Screams rang out as a grey SUV mounted the curb on Westminster Bridge and headed directly towards a group of tourists taking selfies in front of Big Ben.
The Hyundai didn't slow but ploughed into at least a dozen people, sending them flying like skittles, according to witnesses.
One woman leapt off the bridge into the Thames to avoid being hit but others lay strewn across the scene - many bleeding, some unconscious, three dead.
The atrocity is being labelled a terror attack and has rocked England's capital, a city where millions of people already live their lives under a daily terror alert threat.
Michael Adamou, 25, was driving the 453 bus when he said he saw the car speeding in the direction of London's Houses of Parliament at 2.40pm on Wednesday UK time.
"The first thing I saw was the two people laying lifeless on the floor. They were on the pavement.
"I heard one guy come running behind me shouting his wife had jumped into the river to avoid getting knocked down."
Witness Rob Lyon, 34, said: "I heard a wheel definitely hit a kerb and quite a large crunch noise, I looked up and saw a car clearly hitting people as it came towards me.
"I just instinctively jumped off the pavement. I just saw people being hit by a car at speed, it was harrowing."
The car only came to a stop when it crashed into bollards just metres from Parliament, which was sitting at the time.
But the terror did not stop there.
The driver of the car, believed to be an Asian man in his 40s, leapt out and ran through the gates of the Palace of Westminster where he repeatedly stabbed unarmed police officer Keith Palmer who had 15 years of service.
The terrorist, a thick-set man dressed in black, started running towards the entrance of Parliament ignoring the shouts of police officers behind him.
When he was about 45m from the entrance shots rang out. Two plain-clothes police officers opened fire and brought the attacker to the ground.
Witness Rick Longley described the moment the attacker began stabbing a policeman.
"A guy came past my right shoulder with a big knife and just started plunging it into the policeman."
Jayne Wilkinson said: "We were taking photos of Big Ben and we saw all the people running towards us, and then there was an Asian guy in about his 40s carrying a knife about seven or eight inches long.
"And then there were three shots fired, and then we crossed the road and looked over. The man was on the floor with blood.
"He was running through those gates, towards Parliament, and the police were chasing him."
Paramedics fought to save the life of the police officer and his attacker on the ground of the cobbled courtyard just yards from the House of Commons, but to no avail.
Doctors at St Thomas' Hospital at the south end of the bridge raced out to help those mowed down on the bridge and described finding "catastrophic injuries".
At least 40 people were seriously injured, including three police officers on their way back from a commendation ceremony and three French teenagers on a school visit to London.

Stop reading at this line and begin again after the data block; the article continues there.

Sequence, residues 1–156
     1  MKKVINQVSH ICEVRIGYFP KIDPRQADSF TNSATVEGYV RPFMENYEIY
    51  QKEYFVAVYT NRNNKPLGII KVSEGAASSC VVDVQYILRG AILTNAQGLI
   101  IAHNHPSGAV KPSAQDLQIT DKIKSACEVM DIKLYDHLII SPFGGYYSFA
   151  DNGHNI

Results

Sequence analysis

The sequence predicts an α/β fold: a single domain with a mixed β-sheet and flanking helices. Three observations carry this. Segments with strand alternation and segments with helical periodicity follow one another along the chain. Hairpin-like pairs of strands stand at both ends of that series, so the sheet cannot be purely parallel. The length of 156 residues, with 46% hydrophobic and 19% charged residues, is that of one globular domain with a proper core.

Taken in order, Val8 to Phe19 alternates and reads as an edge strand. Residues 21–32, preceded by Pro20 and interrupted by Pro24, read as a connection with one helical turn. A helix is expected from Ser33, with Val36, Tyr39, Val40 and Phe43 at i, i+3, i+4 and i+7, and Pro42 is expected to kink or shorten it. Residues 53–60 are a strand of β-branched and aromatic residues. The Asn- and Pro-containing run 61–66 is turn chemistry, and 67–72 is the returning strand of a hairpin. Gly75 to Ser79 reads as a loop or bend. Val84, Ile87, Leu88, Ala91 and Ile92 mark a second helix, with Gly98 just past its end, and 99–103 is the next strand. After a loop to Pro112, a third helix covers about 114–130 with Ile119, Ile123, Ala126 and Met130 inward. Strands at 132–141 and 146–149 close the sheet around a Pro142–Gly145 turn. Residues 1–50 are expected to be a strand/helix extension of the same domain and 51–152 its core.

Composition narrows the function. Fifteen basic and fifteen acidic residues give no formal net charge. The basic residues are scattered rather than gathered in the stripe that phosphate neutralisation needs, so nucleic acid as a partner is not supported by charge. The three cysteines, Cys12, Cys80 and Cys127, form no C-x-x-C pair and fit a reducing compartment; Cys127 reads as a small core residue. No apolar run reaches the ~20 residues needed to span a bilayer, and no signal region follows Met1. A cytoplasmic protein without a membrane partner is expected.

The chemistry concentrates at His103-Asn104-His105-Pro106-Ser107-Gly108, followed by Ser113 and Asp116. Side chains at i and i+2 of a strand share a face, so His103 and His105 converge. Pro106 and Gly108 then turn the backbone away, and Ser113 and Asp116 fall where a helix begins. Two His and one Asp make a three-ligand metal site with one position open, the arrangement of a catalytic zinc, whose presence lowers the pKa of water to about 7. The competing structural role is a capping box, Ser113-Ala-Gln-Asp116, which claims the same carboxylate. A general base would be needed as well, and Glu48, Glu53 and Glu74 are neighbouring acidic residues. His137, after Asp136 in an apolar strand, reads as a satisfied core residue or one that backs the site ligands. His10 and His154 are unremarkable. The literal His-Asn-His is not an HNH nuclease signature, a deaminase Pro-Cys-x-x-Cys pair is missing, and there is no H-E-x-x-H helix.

As the attack unfolded Parliament went into lock-down and Prime Minister Theresa May was rushed to Downing St where she chaired a meeting of the government's emergency Cobra committee to discuss the immediate response to the attack.
Speaking later, May vowed Britain would "never give in to terror" and "defeat hate and evil" after she blasted the "sick and depraved" attack in Westminster.
She added the "forces of evil would never drive Britain apart" and praised police and security staff who "ran towards danger even as they encouraged others to move away".
New Zealand-born British MP Sir Paul Beresford said MPs were pouring in to vote when the building was locked down.
One part of the tragedy had been playing on his mind: The death of the 49-year-old police officer.
Sir Paul knew Palmer, a husband and father, and he also knew the security committee had been considering making a change at the gates which may have prevented the assailant coming through.
"Perhaps if we had got the gate, this guy, he might not have gotten up [there]."
Despite the day's events Sir Paul said the work of Parliament would continue as normal.
"Tomorrow at the usual time the House of Commons and the House of Lords will open and we will not let the terrorists win."
Other Kiwis also described their experiences as the day unfolded.
Auckland woman Natassia Snell, 25, worked around the corner from the Westminster Bridge at a hedge fund firm which was put into lock down.
"There are lots of sirens going on and they've closed off some streets and redirected all the buses."
Snell usually tried not to think about what could go wrong in London.
"You know London is a red level terrorist alert. But if you did think about it, how would you do anything?"
Kiwi Juliet Brine works about a kilometre from Parliament.
She and her colleagues were in their offices when they heard "a lot of commotion" and saw helicopters and emergency responders.
She felt rattled but was reassured by the reaction of those in the city.
"Everyone has been so calm. Typical Londoners."
The attacker's identity is yet to be revealed, along with the names of his other victims.